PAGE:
CHICOPEE, Mass. (Elms.edu) – College of Our Lady of the Elms students recently worked with immigrants at The Gray House to help them prepare for the U.S. citizenship test and interview process. The students were participating in the college’s annual Dorothy Day Service Program.
“This came up entirely out of necessity,” said Glenn Yarnell, director of adult education at The Gray House. He leads a citizenship class during the school year, two days a week; in May, 15 students registered to take the naturalization test, so Yarnell held summer classes at the Greek Cultural Center until the end of July.
In the final class of the summer, several students approached Yarnell and announced that they had scheduled appointments for their naturalization interviews. “And I said, ‘When?’ And they said, ‘Friday, Aug. 25!’ ” Yarnell recalled.
It was a tight timeframe, but Yarnell knew he would have help from the Dorothy Day students on Aug. 22. “It was a win-win,” he said. “I needed bodies to do the tutoring — I can do a review session, but what my students needed at that point was to practice being interviewed.”
He had worked with these immigrant students for years, he said. “They know how I talk; I know how they talk. They needed to have a conversation with somebody they’d never talked to before, who wouldn’t know their accents, or how fast they should or shouldn’t be talking. The Dorothy Day students were perfect for this,” he said.
The Elms volunteers got a half-hour debriefing, including an overview of the citizenship process, and they worked from interview sheets Yarnell provided, with boxes to check off indicating whether an interviewee’s response was appropriate or not.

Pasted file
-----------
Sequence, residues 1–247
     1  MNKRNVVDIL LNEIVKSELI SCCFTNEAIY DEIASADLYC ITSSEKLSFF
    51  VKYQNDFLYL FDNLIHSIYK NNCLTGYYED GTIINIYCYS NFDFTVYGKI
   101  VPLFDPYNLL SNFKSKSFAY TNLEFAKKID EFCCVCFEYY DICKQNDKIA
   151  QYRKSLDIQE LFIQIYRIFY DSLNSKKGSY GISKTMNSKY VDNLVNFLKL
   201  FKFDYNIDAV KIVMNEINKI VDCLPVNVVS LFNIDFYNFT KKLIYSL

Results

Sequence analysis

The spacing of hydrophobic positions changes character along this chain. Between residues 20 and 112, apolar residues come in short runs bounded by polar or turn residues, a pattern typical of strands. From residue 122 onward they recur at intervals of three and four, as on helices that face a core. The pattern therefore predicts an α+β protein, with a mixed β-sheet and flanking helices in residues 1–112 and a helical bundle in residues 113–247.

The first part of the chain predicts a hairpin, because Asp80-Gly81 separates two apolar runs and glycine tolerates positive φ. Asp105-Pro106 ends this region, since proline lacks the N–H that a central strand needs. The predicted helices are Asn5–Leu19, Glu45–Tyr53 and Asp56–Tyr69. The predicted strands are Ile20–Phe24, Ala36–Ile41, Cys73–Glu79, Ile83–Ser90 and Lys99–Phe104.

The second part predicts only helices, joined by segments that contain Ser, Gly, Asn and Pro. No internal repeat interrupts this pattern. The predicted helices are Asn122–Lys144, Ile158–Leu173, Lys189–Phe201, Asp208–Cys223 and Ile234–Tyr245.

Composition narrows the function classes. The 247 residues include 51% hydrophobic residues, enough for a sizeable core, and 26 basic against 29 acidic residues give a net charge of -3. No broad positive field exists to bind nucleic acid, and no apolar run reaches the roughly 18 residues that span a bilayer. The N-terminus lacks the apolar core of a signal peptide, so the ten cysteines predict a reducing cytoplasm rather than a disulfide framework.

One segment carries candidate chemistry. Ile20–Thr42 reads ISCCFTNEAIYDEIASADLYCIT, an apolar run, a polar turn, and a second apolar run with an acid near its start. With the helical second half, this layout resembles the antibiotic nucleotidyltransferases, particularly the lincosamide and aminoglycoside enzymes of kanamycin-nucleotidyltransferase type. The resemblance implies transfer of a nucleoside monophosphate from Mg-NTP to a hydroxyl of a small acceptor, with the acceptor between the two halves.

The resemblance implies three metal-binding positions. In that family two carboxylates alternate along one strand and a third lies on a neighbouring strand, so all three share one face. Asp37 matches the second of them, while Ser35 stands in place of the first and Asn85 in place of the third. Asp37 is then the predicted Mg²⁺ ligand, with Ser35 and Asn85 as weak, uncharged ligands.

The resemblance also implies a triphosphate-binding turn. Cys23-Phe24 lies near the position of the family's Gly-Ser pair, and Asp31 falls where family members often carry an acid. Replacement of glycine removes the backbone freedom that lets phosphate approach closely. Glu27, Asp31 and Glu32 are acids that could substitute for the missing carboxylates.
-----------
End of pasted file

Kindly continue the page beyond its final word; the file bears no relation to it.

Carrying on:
Elms nursing major Neelam Tiwari ’21 of Springfield, MA, knew the drill. “I actually had to help my grandparents with immigration test preparation before,” she said. “It felt really exciting to be able to also help these immigrants prepare for their tests. And I felt great knowing that the preparation would give them a greater chance to do well on their tests.”
“I am so grateful that I had the opportunity to help future Americans become citizens,” said Megan Senecal ’20 of Chicopee, a communication sciences and disorders major who is involved in Campus Ministry at Elms. “Becoming a citizen in the United States is such a major event in someone’s life. Actually being able to help someone, even if it was in small way, was amazing.”
This experience gave the Elms students a closer look at how The Gray House helps change lives. “Usually the Dorothy Day volunteers help with the food pantry on Thursdays, when we do distribution, but no other programming is going on when they’re here,” Yarnell said. “So they hear about what the adult ed program is, and they see the pictures up on the wall, and they hear me say that there are adults from 33 countries who speak 22 different languages — but they were able to experience a small piece of that.”
The Dorothy Day experience
From start to finish, volunteering at the Gray House was a great experience, Tiwari said. “The people at The Gray House do everything they can to provide for the community, and it was great to be able to also help them back,” she said.